Graecum Annual Course
Knowledge of ancient languages is indispensable for the study of the ancient world, philosophy and historical disciplines. To bridge any potential gaps, the Faculty of Humanities and Social Sciences offers Greek courses that can be credited as free electives.
In the degree subject or program of Ancient Civilizations within the subject areas Ancient History, Greek and Latin Studies, original source texts are – also – read in the original. For the in-depth study of Classical Archaeology and Provincial Roman Archaeology, knowledge of Greek and/or Latin is indispensable for handling inscriptions and other textual sources. Through a knowledge of Ancient Greek, students of philosophy obtain a deeper understanding of fundamental texts (Pre-Socratics, Plato, Aristotle) and the terms employed which continue to shape philosophical thought to this day.
For bachelor studies in Ancient Civilizations with a concentration in Greek or Latin Philology, knowledge of Ancient Greek at the baccalaureate level is required. For a specialization in the subject areas of Ancient History or Classical Archaeology, knowledge of Latin or Greek at the baccalaureate level is required.
Students who do not yet have sufficient knowledge of Greek may acquire it in the Graecum Annual Course. The course is validated with 12 credits as a free elective.
The Graecum Annual Course spans two semesters. It begins in the fall semester and prepares students for the final Graecum examination at the end of the spring semester. The Graecum is equivalent to the Ancient Greek Matura at the Swiss Gymnasium.
The first course semester is dedicated to the acquisition of basic language skills (basic grammar and vocabulary) and the introduction to translation technique on the basis of simple texts. It also offers insights into Greek literary and philosophical history and material culture. Both are conveyed through the passages from the textbook 'Kantharos', a varied selection of - initially simplified - original Greek texts from different periods (Archaic to Late Antiquity) and genres (philosophy, historiography, rhetoric, novel, tragedy, epistolary literature, anecdotal, etc.).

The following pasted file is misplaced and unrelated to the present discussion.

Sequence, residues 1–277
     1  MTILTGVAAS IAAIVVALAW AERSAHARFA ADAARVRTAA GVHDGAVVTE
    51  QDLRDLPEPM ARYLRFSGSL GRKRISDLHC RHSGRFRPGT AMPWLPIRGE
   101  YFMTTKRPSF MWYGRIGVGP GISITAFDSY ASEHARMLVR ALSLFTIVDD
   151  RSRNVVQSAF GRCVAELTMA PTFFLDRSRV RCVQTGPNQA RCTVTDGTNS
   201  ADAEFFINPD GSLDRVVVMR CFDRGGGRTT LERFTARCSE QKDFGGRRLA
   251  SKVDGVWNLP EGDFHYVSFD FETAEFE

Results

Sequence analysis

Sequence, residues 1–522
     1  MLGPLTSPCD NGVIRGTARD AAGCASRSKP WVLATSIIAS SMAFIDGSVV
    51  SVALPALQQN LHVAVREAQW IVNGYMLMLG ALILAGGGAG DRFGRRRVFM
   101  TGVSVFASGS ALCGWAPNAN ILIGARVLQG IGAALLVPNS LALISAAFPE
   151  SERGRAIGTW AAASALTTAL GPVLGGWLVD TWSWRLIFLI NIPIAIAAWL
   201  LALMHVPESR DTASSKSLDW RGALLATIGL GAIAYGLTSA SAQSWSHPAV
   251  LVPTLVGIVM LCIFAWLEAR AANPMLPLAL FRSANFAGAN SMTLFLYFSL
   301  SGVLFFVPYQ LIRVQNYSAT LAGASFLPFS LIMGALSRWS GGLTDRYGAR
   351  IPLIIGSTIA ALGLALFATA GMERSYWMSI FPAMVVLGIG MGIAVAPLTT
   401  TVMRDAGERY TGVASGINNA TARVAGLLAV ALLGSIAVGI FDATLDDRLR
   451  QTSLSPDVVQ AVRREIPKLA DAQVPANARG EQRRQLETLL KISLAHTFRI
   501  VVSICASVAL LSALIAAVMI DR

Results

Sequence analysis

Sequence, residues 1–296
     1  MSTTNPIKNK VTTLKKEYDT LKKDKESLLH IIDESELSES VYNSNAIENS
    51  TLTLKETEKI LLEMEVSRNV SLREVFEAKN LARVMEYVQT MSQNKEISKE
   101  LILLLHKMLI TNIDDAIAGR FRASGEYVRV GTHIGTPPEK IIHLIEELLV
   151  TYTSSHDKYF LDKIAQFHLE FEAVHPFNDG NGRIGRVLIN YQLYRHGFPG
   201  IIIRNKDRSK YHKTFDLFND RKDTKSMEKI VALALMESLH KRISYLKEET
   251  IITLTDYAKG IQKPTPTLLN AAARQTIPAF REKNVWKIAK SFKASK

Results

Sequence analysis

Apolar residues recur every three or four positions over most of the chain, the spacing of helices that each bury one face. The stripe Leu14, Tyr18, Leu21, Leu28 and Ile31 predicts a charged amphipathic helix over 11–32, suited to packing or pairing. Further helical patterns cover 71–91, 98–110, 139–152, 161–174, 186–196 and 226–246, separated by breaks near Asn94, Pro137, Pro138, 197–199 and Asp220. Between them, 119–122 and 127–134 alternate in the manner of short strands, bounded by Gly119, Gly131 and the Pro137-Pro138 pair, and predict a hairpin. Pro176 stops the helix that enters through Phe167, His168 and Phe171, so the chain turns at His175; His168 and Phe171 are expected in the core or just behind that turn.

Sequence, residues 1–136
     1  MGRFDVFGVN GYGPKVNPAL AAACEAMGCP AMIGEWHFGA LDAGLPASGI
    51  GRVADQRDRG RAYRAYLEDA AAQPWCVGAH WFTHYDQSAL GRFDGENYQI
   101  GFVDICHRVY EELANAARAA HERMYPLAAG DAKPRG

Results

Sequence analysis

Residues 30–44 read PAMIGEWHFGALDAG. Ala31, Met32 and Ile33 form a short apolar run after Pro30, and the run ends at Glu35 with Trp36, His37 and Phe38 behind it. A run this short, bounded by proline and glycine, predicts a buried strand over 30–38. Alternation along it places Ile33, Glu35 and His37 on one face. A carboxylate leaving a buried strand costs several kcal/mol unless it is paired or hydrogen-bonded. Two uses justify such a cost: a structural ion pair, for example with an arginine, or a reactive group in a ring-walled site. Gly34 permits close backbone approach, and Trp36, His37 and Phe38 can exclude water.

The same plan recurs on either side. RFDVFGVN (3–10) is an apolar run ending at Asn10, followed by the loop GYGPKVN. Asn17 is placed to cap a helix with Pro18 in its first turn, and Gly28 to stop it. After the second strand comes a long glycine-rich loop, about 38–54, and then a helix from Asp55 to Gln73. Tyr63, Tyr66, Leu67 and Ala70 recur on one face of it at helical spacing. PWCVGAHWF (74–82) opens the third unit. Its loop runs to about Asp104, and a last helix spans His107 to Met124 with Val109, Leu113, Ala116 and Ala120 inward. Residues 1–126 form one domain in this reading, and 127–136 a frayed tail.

The second course semester aims to consolidate, deepen and extend the acquired language skills by reading lengthier original texts (poetry and prose). Special emphasis is placed on the linguistic analysis of the texts and a precise translation, but background understanding of the texts is also conveyed and consideration is given to questions of content interpretation. At the same time, the use of auxiliary tools such as dictionaries and grammars is practiced and the appropriate use of print translations is discussed. In addition to the readings, the most important grammatical phenomena are reviewed.
The in-house faculty examination takes place at the end of the spring semester (May/June). It consists of a three-hour written exam (translation of a prose text not read in the course, with access to a dictionary) and a 20-minute oral exam on a passage of text discussed in the second semester (translation without dictionary, questions on the text and its literary and cultural-historical background).
For students who do not pass the exam the first time, a repeat examination date is offered just before the beginning of the fall semester (August/September).
Advanced Courses - Maintaining Language Proficiency
Every semester, the subject area Greek Philology offers an advanced course in which an important but only moderately difficult text of Greek literature is read (usually a tragedy or comedy in the HS and a prose text in the FS). The advanced courses - which can be attended as often as desired - are open to graduates of the Graecum and are each awarded 3 credits (as free electives) upon successful completion. They aim i.a. to consolidate the language skills acquired in the Graecum course by means of text examples and to introduce well-known texts of world literature in the original Greek.